When it comes to taking care of yourself, don’t hesitate to dream big.
Sometimes we think that dreaming big is a big waste of time. That we’re too old or too ____ (fill in the blank).
Or that dreaming big is just another reminder of something else we can’t have or enjoy or take part in.
But dreaming big actually helps us realize what we really want. And once we do, we can go after it and actually enjoy it on a regular basis — even if the reality looks a little different than we originally dreamed.
Margarita Tartakovsky is an associate editor at PsychCentral.com, an award-winning mental health website, and the voice behind Weightless, a blog that helps women deal with body image issues and disordered eating. She also writes a monthly feature for Beliefnet.com, covering topics such as patience and procrastination.
Editor: Saad Shaheed
Here’s an exercise for exploring your big dreams and making them a reality.
Ask yourself the below questions, writing down your responses in your journal.
- If money weren’t an issue, what would my self-care routine look like?
- Where would I go?
- What would I do at home?
- What passions and pastimes would I pursue?
- If I had enough time — better yet, plenty of it — how would I spend my days?
- What would I do if I were a few years younger or older?
- If my weekends were completely free, how would I spend them?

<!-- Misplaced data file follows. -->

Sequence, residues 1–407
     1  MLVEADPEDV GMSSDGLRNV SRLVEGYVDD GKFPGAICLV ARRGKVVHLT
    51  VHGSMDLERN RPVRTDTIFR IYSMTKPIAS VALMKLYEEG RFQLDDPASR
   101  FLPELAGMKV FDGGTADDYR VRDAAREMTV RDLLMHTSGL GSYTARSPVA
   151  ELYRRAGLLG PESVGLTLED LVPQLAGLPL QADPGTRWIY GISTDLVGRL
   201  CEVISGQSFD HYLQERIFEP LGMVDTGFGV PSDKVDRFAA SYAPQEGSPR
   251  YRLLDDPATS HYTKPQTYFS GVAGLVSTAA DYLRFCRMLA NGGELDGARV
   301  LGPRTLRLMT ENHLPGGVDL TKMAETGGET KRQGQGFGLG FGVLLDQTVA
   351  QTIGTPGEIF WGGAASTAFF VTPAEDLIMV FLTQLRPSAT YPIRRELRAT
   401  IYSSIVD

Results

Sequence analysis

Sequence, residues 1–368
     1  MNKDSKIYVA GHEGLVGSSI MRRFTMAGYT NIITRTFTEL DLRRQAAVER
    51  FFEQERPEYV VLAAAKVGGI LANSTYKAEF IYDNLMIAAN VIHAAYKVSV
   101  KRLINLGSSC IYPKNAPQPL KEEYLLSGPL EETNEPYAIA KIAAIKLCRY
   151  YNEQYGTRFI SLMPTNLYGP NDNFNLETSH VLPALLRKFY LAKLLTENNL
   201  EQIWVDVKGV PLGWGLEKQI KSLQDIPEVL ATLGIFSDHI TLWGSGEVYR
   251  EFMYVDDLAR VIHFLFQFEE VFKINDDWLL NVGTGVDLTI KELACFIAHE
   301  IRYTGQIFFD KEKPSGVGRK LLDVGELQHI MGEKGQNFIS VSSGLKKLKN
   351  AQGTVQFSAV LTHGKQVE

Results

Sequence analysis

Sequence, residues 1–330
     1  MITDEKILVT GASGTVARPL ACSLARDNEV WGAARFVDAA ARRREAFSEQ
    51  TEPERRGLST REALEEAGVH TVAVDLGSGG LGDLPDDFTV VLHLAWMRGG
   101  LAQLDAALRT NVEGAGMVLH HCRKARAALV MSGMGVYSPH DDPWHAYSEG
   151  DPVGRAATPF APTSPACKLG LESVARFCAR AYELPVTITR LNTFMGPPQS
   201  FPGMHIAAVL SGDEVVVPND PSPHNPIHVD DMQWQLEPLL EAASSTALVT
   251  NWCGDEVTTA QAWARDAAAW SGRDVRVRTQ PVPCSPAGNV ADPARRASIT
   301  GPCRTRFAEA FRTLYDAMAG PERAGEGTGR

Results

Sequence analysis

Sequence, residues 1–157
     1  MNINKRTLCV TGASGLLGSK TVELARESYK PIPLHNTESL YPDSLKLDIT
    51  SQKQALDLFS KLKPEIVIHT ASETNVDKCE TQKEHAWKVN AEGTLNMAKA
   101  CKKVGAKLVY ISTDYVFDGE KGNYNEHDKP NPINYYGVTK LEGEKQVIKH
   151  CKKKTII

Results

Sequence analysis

- If I could retire right now, what would I do?
- What do I find myself daydreaming about? On a regular basis?
Review your responses. See if any recurring themes or patterns emerge. Write those down, too.
Then ask yourself these questions, and, again, jot down your answers.
- What do my dreams tell me about how I’d like to feel during my days?
- How would I like to feel when I wake up and when I’m about to fall asleep?
- How would I like to feel as I move about my day?
- What do my dreams tell me about what I’d like to see, smell and taste?
- If I could touch these dreams, what would they feel like?
- How are these dreams different from the way I’m living my life right now?
After you’re done, figure out how you can incorporate these dreams into your daily life.
Consider how you can take those feelings and needs and sensations and create habits or activities that satisfy them.
For instance, maybe you realize that you’d like to go on a Mediterranean cruise, because you crave the water and yearn for those feelings of rest and rejuvenation. Plus, you’d like to explore a place you’ve yet to explore.
Maybe you can’t go this year. Instead you satisfy those needs by going to the beach every weekend and doing something every day that gives you a similar sense of rest.
And you act on your adventurous spirit by exploring other places you haven’t explored closer to home.
Maybe you can’t go to the spa every week, so you create a spa-like atmosphere in your bedroom and bathroom that you can enjoy every day (and you go to the spa every few months).
Or maybe you’re able to pursue your big self-care dreams precisely as they are. Maybe you can travel to that tropical destination and take those guitar lessons and move to that quieter neighborhood.
Maybe you notice that you can make your self-care dreams into a daily reality, but you need to set some boundaries at your job and with the people in your life.
Either way, remember:
Those whopping dreams — the ones that don’t have any obstacles attached to them, the ones we’re afraid to even consider — can give us a clues into how we want to live our lives every day.
And we can use those clues to create a life that nourishes us, in various ways.
There are many ways to get our needs met. And our big dreams can give us a glimpse into those bigger longings and yearnings tugging at our hearts.